According to the definition adopted by the international biological program, physical performance is characterized by maximum oxygen consumption (MOC). Profession, lifestyle, and sport affect the value of the MOC. For anatomy and physiology, oxygen delivery to muscle tissue depends on the state of the respiratory and cardiovascular system, the amount and composition of blood. In this case, the leading role belongs to the cardiac activity, namely to the magnitude of the shock and minute volumes of blood in working conditions. High values of MOC and, consequently, a large work capacity are characteristic of athletes specializing in cyclic sports with moderate and high power. The purpose of the research was to evaluate the adaptive response of the cardiovascular system of girls involved in cyclic and acyclic sports as well as those not involved in sports. The study was conducted in 2018. During the research, we used pulse oximetry and determination of blood pressure according to N.S. Korotkov, as well as an assessment of the adaptation of the cardiovascular system according to the Ruffier Index. Studies have shown differences in the level of performance of girls involved in cyclic sports (athletics) and acyclic sports (karate and taekwondo), as well as non-sports. During the experiments, heart rate and blood pressure indicators were recorded at rest and after exercise, and the Ruffier Index, which reflects the level of performance of the participants, was calculated.


Asunto(s)
Rendimiento Atlético/fisiología , Deportes , Presión Sanguínea/fisiología , Ejercicio Físico/fisiología , Femenino , Frecuencia Cardíaca/fisiología , Humanos , Estilo de Vida , Consumo de Oxígeno/fisiología
6.
Int Heart J ; 62(2): 312-319, 2021 Mar 30.
Artículo en Inglés | MEDLINE | ID: mdl-33678799

RESUMEN

This study aims to evaluate the incidence of ischemic stroke or transient ischemic attack (TIA) based on CHA2DS2-VASc scores in non-AF Chinese patients with sinus rhythm.We used health check-up data of 101,510 participants from the Kailuan Cohort Study. Participants' risk levels were defined by their CHA2DS2-VASc scores (range 0-3): Men with scores of 0, 1, or ≥ 2 and women with scores of 1, 2, or ≥ 3 were considered at low, intermediate, or high risk, respectively. Cox proportional hazards model was used to assess the association between the CHA2DS2-VASc-determined risk and the incidence of ischemic stroke/TIA.The mean 7.5 year follow-up examination revealed 2968 ischemic strokes/TIA events. The incidence rates for ischemic stroke/TIA events in men and women were 3.8% and 1.5%, respectively. The incidence of ischemic stroke/TIA increased with elevated predicted risks based on CHA2DS2-VASc scores in men: 2.2% for low-risk, 4.1% for intermediate-risk, and 7.8% for high-risk groups (P < 0.001 for trend). The incidences of ischemic stroke/TIA also increased with elevated predicted risks in women: 0.8% for low-risk, 2.1% for intermediate-risk, and 5.0% for high-risk groups (P < 0.001 for trend). Compared with low-risk group, the crude hazard ratio (95% confidence interval) of ischemic stroke/TIA for men in moderate- and high-risk groups were 1.96 (1.79-2.14; P < 0.001) and 4.18 (3.81-4.57; P < 0.001). Similar findings were observed in women.Risks of ischemic stroke/TIA events was high, particularly among those with high CHA2DS2-VASc scores.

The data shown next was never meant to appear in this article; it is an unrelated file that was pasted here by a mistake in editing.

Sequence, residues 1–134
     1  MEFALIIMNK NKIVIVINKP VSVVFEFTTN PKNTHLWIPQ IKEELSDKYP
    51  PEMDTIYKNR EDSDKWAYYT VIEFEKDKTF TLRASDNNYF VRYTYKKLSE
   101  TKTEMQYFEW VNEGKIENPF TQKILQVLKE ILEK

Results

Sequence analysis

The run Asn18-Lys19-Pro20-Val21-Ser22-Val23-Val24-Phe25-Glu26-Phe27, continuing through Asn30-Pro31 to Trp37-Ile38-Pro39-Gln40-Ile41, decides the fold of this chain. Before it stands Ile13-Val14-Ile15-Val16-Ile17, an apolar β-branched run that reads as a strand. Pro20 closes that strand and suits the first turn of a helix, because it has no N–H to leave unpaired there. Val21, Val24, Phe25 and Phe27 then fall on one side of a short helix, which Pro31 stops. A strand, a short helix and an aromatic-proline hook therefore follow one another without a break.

Asunto(s)
Fibrilación Atrial/complicaciones , Isquemia Encefálica/epidemiología , Frecuencia Cardíaca/fisiología , Ataque Isquémico Transitorio/epidemiología , Medición de Riesgo/métodos , Adolescente , Adulto , Anciano , Anciano de 80 o más Años , Isquemia Encefálica/etiología , China/epidemiología , Femenino , Humanos , Incidencia , Ataque Isquémico Transitorio/etiología , Masculino , Persona de Mediana Edad , Pronóstico , Estudios Retrospectivos , Factores de Riesgo , Adulto Joven
7.
Int Heart J ; 62(2): 344-349, 2021 Mar 30.
Artículo en Inglés | MEDLINE | ID: mdl-33731516

RESUMEN